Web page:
BUSINESS
March 8, 1998 | RUSS WILES, Russ Wiles is a mutual fund columnist for The Times and coauthor of "How Mutual Funds Work" (Simon & Schuster). He can be reached at russ.wiles@pni.com
Marcus Singleton put $2,500 in Twentieth Century Giftrust for each of four grandchildren a few years ago. But for his fifth grandchild, now 3 months old, he plans to invest in another mutual fund, possibly the SteinRoe Young Investor fund. "In the beginning, I remember thinking what a wonderful fund Giftrust was," said Singleton, a retired aerospace engineer who lives in Pacific Palisades. "But now I think I'm going to change horses." You can't blame him.
BUSINESS
April 10, 1998 | From Reuters
Investors put an estimated $27.5 billion into U.S. stock mutual funds in March, topping the $24.2 billion invested in February, the Investment Company Institute said Thursday. "That is phenomenal and the amount is way up over the preceding March," mutual fund analyst Sheldon Jacobs said. "Investors are generally bullish, there have been no meaningful market corrections and money continues to pour in." In March 1997, domestic equity funds took in $9.
BUSINESS
December 8, 1998 | JOSH FRIEDMAN, TIMES STAFF WRITER
If you're thinking about making your first mutual fund purchase but don't have a lot of money to get started, an automatic investment plan could be worth considering. With the major stock indexes at or near record highs, these gradual plans offer newcomers and experienced investors alike one of the biggest advantages of dollar cost averaging: protection from jumping in all at once just as the market peaks.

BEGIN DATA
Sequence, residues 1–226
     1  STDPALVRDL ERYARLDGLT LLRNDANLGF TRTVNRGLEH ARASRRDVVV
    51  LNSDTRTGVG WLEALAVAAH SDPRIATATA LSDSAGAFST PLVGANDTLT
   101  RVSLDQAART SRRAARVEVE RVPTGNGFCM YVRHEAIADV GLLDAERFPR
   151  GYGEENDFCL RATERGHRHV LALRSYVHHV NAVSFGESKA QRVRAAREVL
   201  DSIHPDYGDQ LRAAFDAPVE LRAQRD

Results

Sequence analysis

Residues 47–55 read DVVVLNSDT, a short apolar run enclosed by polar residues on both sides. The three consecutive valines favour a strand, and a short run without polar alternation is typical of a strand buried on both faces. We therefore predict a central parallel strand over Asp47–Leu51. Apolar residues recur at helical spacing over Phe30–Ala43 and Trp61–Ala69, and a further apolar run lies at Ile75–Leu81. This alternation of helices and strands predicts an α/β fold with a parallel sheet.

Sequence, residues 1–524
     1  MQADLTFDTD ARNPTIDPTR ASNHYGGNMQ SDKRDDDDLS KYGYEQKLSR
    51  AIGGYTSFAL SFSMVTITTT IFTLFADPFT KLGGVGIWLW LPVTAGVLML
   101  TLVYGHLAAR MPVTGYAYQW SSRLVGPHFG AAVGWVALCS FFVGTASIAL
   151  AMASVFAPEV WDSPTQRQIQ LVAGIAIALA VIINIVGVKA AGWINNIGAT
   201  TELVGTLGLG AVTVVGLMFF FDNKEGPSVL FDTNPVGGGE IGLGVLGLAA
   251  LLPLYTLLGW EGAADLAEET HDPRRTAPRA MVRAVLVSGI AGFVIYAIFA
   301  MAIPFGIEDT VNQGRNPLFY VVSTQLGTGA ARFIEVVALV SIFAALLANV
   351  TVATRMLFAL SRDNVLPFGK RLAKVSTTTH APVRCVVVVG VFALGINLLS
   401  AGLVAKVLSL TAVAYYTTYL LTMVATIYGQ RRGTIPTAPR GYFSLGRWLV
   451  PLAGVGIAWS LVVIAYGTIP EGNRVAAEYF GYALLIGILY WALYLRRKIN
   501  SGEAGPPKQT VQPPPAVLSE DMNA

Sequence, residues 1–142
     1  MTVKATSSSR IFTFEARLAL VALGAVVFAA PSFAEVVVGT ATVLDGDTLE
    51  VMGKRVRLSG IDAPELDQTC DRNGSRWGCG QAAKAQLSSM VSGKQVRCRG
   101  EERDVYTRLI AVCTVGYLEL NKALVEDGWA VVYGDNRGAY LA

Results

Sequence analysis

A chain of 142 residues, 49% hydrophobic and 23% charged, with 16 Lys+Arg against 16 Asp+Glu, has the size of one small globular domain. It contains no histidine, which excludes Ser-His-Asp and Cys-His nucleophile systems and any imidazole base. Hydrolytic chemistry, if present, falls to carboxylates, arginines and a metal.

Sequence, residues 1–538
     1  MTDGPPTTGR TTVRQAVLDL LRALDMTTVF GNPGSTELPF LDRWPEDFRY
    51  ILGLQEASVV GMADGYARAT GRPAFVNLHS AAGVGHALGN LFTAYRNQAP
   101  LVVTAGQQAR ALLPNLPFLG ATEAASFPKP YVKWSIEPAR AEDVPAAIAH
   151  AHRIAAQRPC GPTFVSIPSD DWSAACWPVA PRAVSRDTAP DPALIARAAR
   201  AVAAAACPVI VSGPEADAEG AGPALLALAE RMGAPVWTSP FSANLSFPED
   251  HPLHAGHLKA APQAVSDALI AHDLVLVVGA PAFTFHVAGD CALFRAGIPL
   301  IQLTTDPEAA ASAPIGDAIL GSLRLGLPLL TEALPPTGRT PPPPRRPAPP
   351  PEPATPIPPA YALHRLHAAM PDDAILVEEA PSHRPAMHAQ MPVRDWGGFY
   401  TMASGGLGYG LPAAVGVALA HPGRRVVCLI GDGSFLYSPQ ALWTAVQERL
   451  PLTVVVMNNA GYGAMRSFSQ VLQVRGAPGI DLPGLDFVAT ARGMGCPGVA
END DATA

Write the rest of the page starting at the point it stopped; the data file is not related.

BUSINESS
April 26, 1994 | From Reuters
In recent years, mutual fund managers have taken on celebrity status among investors. But a recent study questions whether fund managers actually matter. The most obvious example of a celebrity fund manager is Peter Lynch, who managed Fidelity's giant Magellan Fund for 13 years before his retirement in 1990. Even now, Lynch remains a familiar fixture in the financial press.
BUSINESS
June 1, 1994 | CHET CURRIER, ASSOCIATED PRESS
In contrast to the dramatic entrances sometimes enjoyed by new issues in the stock market, most new mutual funds make their debuts quietly. Even the most ambitious stock funds arrive on the scene lacking a key attribute for star status--a performance record. And since funds' values are determined by the worth of their portfolios, rather than open bidding by buyers and sellers, they can't soar in their first hours of availability the way a hot new stock can.
BUSINESS
May 27, 1997 | TIM QUINSON, Tim Quinson writes for Bloomberg News
U.S. mutual fund companies like Fidelity Investments and Aim Management Group are known for handing billion-dollar portfolios to managers barely in their 30s. Sometimes they're even younger. Fidelity Investments recently picked Erin Sullivan, 27, to manage its $1.68-billion Emerging Growth Fund. Bob Kippes, 31, manages Aim's $2.4-billion Aggressive Growth Fund. "These examples are more the exception than the rule," said Richard Lannamann, managing director at Russell Reynolds Associates Inc.